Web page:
Your computer uses some pre-cloud job manager such as (primordial) Platform LSF/ Torque or (recentish) slurm. You don’t care about the details of this, since you have a vague suspicion that the entire world of old-school HPC is asymptotically approaching a 0% market share. All you know is that your hip kubernetes VM-based solution leveraging Apache Spark and some other stuff you got off github, that will not run here in the manner Google intended. But your insouciance doesn’t solve your immediate problem: you need to work in this hostile environment now, because your department prefers
- to shovel weeks grad-student labour into the sunk-cost pit at the bottom of which lies the giant computing cluster they bought 5 years ago, to
- the horrifying prospect of giving you billing privileges for the cloud.
So how can you get usable labour from the these cathedrals of computing, while learning the absolute minimum that you possibly can about anything to do with their magnificently baroque, obsolescent architecture?
What you are supposed to use
Slurm, torque, PlatformLSF all implement a similar api about asking things to be executed according to a byzantine committee-designed priority greasy totem pole. Typically your campus cluster will come with documentation mentioning some example commands that worked for that guy that time, but don’t tell you what version of what package your computer is running. They are all fairly similar though, which is to say, functional by dated.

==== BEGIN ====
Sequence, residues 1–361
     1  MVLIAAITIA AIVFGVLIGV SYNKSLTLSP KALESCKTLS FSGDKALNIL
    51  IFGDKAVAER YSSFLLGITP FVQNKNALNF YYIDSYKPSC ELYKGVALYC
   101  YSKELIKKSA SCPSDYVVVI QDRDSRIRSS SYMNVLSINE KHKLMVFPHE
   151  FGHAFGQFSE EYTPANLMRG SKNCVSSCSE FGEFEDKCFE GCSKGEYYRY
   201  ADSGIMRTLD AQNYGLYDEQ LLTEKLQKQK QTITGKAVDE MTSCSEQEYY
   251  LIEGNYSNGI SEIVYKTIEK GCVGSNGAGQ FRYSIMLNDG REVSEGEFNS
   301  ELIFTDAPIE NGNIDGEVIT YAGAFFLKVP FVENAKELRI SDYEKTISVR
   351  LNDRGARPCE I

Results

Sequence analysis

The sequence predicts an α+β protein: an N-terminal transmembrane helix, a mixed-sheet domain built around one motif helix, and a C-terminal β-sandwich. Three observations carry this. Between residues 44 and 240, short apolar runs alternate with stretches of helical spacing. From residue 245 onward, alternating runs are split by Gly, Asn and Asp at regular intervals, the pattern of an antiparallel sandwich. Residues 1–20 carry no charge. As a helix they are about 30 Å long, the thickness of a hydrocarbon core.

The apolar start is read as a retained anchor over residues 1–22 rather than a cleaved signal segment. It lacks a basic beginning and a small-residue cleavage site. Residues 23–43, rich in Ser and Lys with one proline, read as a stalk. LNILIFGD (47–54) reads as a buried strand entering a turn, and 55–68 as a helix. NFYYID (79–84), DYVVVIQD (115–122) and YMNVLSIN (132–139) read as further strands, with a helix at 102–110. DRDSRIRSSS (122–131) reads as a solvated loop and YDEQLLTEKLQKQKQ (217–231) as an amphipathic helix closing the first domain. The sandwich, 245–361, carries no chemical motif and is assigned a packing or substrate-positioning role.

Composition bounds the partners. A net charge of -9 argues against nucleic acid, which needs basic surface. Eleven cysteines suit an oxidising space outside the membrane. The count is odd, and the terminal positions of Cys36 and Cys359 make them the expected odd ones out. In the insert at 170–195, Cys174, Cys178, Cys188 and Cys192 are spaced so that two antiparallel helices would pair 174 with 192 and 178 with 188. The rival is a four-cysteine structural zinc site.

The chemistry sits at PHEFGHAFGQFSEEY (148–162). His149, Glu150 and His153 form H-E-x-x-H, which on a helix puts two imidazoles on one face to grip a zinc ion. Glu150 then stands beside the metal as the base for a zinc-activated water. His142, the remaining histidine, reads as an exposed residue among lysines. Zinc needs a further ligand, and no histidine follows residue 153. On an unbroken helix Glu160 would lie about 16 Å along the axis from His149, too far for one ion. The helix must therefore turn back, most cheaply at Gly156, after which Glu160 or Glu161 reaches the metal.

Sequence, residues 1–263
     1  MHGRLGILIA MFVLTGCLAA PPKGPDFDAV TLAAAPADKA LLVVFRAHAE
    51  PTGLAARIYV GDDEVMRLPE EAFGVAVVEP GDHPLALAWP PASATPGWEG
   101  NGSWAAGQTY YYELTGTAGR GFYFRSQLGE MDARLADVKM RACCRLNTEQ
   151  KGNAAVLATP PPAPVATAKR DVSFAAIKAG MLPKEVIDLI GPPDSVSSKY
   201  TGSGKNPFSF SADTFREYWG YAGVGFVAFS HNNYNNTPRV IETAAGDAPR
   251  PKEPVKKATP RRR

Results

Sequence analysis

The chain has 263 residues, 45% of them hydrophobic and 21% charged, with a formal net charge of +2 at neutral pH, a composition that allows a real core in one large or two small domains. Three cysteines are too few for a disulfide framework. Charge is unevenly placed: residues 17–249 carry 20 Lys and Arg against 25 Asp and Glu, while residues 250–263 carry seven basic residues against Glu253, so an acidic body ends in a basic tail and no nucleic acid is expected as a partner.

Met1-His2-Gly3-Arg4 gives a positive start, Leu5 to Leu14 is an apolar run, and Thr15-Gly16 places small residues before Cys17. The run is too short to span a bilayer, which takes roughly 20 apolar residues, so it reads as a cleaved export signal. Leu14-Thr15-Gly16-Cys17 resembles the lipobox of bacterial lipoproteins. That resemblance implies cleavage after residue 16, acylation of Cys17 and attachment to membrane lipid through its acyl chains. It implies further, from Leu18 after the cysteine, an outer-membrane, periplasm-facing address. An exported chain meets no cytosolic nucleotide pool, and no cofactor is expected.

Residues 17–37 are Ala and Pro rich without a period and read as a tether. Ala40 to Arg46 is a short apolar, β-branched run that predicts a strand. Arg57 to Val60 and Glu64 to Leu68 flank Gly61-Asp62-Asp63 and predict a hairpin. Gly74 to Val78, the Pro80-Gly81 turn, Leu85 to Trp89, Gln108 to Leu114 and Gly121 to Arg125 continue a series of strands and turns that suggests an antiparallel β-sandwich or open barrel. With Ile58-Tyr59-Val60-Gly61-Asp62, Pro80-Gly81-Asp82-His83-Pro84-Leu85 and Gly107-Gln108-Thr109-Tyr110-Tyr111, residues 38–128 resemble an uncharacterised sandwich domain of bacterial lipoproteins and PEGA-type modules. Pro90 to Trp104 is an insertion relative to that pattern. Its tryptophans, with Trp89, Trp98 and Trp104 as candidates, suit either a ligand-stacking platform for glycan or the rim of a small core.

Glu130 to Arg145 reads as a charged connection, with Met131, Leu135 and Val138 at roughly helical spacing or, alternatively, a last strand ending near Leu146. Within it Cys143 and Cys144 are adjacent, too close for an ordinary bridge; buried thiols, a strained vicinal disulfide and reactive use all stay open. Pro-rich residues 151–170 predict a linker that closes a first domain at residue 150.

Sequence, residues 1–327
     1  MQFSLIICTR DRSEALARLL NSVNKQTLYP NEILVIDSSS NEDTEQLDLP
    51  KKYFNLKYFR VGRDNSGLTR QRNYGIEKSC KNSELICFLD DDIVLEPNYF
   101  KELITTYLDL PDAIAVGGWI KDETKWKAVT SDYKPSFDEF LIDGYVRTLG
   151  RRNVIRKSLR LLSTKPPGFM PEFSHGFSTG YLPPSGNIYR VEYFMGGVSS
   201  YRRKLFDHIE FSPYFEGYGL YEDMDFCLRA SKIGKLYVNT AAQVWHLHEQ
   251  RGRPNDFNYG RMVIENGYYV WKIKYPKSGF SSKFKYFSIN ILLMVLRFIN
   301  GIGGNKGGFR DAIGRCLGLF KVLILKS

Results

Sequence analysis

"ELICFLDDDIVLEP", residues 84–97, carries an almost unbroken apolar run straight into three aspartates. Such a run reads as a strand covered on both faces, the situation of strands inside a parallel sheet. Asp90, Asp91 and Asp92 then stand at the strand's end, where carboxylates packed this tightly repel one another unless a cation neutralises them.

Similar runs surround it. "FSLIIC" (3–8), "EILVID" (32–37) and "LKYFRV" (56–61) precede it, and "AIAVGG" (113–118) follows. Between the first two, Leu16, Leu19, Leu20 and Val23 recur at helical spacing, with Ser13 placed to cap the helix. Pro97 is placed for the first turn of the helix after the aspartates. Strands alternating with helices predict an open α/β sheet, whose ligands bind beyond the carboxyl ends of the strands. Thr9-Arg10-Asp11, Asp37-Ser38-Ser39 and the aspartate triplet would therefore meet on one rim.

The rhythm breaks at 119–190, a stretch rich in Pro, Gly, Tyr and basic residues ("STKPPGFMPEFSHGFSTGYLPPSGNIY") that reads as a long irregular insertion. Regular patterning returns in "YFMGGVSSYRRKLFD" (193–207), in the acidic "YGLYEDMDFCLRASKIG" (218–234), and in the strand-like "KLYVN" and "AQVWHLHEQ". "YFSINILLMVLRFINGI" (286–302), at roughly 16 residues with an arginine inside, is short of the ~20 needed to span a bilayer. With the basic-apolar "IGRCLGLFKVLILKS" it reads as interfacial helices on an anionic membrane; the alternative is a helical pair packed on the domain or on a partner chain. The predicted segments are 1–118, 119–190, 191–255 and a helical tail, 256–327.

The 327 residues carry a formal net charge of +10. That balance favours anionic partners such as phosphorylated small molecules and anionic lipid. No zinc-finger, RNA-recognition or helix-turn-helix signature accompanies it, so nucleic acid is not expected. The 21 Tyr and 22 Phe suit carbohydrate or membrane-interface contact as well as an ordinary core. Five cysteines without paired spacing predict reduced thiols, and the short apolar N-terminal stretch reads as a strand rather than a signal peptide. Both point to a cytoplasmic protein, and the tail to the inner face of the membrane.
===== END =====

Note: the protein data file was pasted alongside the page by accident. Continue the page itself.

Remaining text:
To investigate: Apparently there is a more modern programmatic API called DRMAA. Not sure if I campus runs it, or if they would make it easy to find out if they did.
Doing what you would like to do with what you are supposed to use
The most well-designed option to do this seems to be snakemake which support make-like build workflows, but on horrible campus clusters.
Other contenders. hanythingondemand provides a set of scripts to easily set up an ad-hoc Hadoop cluster through PBS jobs.
Holy crap, someone procrastinated. Andrea Zonca wrote a script that allows spawning jobs on your legacy HPC monstrosity. It’s called remotespawner. This is the most thankless kind of task.
A more ad hoc, probably-slower-but-more-robust approach, which perhaps avoids the damn thing: Easily distributing a parallel IPython Notebook on a cluster:
Have you ever asked yourself: “Do I want to spend 2 days adjusting this analysis to run on the cluster and wait 2 days for the jobs to finish or do I just run it locally with no extra work and just wait a week.”
Why yes, I have.
“Quickly and easily parallelize Python functions using IPython on a cluster, supporting multiple schedulers. Optimizes IPython defaults to handle larger clusters and simultaneous processes.”[…]
ipython-cluster-helper creates a throwaway parallel IPython profile, launches a cluster and returns a view. On program exit it shuts the cluster down and deletes the throwaway profile.
works on on Platform LSF, Sun Grid Engine, Torque, SLURM.
I do not at all understand how you get data back from this; I guess you run it in situ. Strictly python.